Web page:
Add Voters’ Bill Of Rights To Nevada Constitution
A number of years ago, when LEAN was LAMN (Lutheran Advocacy and Ministry in Nevada), the organization published a “voter guide” that considered each election’s nonpartisan ballot questions in light of the ELCA Social Statements. That habit has fallen into disuse due to reorganizations and personnel changes, though it may be revived in the future.
However, this election year, voting is such a hot topic that the LEAN advisory board decided to highlight one Nevada ballot question.
Ballot Question 4 proposes enshrining in the Nevada Constitution a “Voters’ Bill of Rights,” to ensure that Nevadans will always be able to raise their voices and votes.
All Nevadans are struggling with how to vote safely in this unusual election year. Though special procedures are in place to ensure everyone can vote—including historically marginalized people—the pandemic, a special legislative session, and a few lawsuits, the rules have spurred several changes, so it’s hard to know what to do.
In the midst of all the chaos, which is similar to what is happening all across the country, the ELCA Church Council issued a Social Message titled, “Government and Civic Engagement in the United States: Discipleship in a Democracy.” (Social Messages are second in rank behind Social Statements in terms of official church teaching.) The Message notes that fewer than 20 percent of people trust government to do the right thing, but also says that it’s part of the Lutheran vocation to get involved, to not just stand back and be cynical. The Message encourages many types of involvement, but recognizes that for many people, voting may be the only act of engagement, and that it is very powerful: “This church strongly affirms voting, guided by faith-based values, as an exercise in citizenship.” It also notes that “We have the responsibility to raise our voices and votes against misuse of government.”
This Voters’ Bill of Rights already exists in Nevada law—it’s been there since 2002. In 2017 the Nevada Legislature proposed the rights be enshrined in the Constitution. The proposal was confirmed unanimously in 2019.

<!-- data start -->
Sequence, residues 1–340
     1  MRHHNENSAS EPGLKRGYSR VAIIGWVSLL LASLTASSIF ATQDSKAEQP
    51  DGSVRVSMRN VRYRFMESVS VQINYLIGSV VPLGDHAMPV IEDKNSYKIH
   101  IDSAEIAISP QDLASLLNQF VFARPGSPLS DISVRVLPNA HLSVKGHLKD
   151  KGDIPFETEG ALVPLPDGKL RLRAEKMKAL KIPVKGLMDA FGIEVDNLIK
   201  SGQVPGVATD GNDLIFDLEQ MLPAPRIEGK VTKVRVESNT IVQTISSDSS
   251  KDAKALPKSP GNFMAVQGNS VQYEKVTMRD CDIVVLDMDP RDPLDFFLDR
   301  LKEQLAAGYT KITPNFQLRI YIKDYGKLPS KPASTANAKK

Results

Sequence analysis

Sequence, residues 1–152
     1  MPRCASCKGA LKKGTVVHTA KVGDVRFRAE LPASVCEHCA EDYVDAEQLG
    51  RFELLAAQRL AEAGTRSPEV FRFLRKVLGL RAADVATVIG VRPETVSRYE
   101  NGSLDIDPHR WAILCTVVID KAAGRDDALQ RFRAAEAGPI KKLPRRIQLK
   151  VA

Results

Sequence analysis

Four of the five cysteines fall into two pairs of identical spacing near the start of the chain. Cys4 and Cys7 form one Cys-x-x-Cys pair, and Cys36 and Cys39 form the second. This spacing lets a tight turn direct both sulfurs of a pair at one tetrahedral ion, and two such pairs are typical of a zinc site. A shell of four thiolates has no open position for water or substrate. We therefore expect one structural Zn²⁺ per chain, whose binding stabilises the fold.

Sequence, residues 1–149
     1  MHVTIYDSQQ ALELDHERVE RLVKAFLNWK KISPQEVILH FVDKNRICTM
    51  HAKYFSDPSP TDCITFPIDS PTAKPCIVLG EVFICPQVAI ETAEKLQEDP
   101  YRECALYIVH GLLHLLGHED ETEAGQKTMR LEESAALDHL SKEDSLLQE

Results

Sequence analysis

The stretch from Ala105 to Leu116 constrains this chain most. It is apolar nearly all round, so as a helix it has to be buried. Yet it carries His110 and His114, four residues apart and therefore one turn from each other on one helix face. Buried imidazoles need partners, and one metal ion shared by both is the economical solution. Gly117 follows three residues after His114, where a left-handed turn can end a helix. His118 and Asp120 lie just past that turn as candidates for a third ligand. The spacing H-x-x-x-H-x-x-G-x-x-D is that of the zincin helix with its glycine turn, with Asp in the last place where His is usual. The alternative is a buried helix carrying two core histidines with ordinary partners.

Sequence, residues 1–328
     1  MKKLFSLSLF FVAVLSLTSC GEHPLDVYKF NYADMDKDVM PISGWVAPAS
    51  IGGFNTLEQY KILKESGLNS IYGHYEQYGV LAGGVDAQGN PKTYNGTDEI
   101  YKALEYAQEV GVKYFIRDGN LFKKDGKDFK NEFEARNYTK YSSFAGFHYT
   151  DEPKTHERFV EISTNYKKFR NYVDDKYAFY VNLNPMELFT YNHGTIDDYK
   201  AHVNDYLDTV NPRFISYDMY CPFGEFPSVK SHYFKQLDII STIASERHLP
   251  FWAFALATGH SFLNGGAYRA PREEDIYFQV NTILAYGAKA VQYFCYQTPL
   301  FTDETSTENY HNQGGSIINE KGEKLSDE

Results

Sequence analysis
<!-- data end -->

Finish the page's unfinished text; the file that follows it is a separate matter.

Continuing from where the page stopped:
The Bill of Rights is a list of eleven items which are not controversial:
- Receive and cast a ballot that is written in a format that allows the clear identification of candidates and accurately records the voter’s selection of candidates.
- Have questions concerning voting procedures answered and have an explanation of the procedures for voting posted conspicuously at the polling place.
- Vote without being intimidated, threatened, or coerced.
- Vote during any period of early voting or on Election Day if the voter has not yet voted and, at the time that the polls close, the voter is waiting in line to vote at a polling place at which, by law, the voter is entitled to vote.
- Return a spoiled ballot and receive a replacement ballot.
- Request assistance with voting, if needed.
- Receive a sample ballot that is accurate, informative, and delivered in a timely manner as provided by law.
- Receive instruction on the use of voting equipment during any period of early voting or on Election Day.
- Have equal access to the elections system without discrimination.
- Have a uniform, statewide standard for counting and recounting all votes accurately as provided by law.
- Have complaints about elections and election contests resolved fairly, accurately, and efficiently as provided by law.
Because they’ve been the law for nearly twenty years, placing these provisions into the Constitution will add no expense to the state budget.
In light of ELCA teachings, the LEAN advisory board and officers recommend a “yes” vote on Question 4.